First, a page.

These days there are so many places and ways to be online, that having an author website may feel almost like an anachronism. After all, everybody is on Facebook or Twitter or Instagram or Snapchat or Tumblr, so couldn’t you find a much bigger audience simply by having a presence on there? And certainly, may authors find it more than worth their time to have significant presences in some or all of those places, but there are plenty of good reasons why none of them will ever replace the functionality of a good author website.
If nothing else, maintaining an independent author website gives you a place that you can direct readers to when they’re looking for your bibliography. Sites like Goodreads offer similar functionality, but don’t give you the same kind of control that an author website lets you have, not just over what’s displayed there, but how it’s shown, where you direct people to buy it from, and so on. An author website let’s you control your brand in a way that no other online platform currently allows.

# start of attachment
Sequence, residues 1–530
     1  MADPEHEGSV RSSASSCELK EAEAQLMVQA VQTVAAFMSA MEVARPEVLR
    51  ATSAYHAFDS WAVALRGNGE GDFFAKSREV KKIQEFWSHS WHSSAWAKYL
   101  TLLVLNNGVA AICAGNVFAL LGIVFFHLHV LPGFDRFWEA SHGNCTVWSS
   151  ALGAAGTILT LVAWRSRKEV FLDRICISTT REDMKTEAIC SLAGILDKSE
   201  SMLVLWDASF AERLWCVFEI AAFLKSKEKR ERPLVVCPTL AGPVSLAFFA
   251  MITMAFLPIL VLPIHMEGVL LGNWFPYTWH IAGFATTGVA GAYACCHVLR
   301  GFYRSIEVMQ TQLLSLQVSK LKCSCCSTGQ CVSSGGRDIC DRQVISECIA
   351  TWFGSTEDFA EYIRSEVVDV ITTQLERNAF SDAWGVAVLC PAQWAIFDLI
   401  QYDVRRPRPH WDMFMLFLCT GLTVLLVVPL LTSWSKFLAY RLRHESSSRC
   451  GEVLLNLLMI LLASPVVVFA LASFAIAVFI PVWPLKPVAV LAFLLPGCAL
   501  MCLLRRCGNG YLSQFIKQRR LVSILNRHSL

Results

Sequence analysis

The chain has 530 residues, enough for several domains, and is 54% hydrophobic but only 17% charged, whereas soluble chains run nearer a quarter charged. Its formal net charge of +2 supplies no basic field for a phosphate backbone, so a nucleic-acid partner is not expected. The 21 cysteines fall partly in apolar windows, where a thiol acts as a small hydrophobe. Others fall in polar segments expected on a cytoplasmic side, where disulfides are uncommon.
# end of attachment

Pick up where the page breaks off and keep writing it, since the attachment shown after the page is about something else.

In a post about his redesign of Waxy.org, Andy Baio wrote what turns out to be a pretty good summary of why authors–or anyone else who wants to control their web presence–should own their own websites:
Here, I control my words. Nobody can shut this site down, run annoying ads on it, or sell it to a phone company. Nobody can tell me what I can or can’t say, and I have complete control over the way it’s displayed. Nobody except me can change the URL structure, breaking 14 years of links to content on the web.
Fundamentally, that kind of independent control over everything from the appearance of your website to what it lists, how it works, and what you put on it is something that you can only get by owning your own author website. With an author website designed on a WordPress engine by the pros at Clockpunk Studios, you can have total control over your site’s design, functionality, appearance, and content. You can have “buy here” links that stay up to date, current bibliographies without a lot of annoying inconsistencies, widgets that display your latest posts to social media to help keep your readers invested, and just about anything else you can imagine!
At the end of the day, there’s no one right way to have an author website. Your website should reflect your body of work and who you are as an author. But no matter what kind of author you are, owning your own website will pay off big dividends in integrity, exposure, and control, and here at Clockpunk Studios, we’d be happy to help you build it!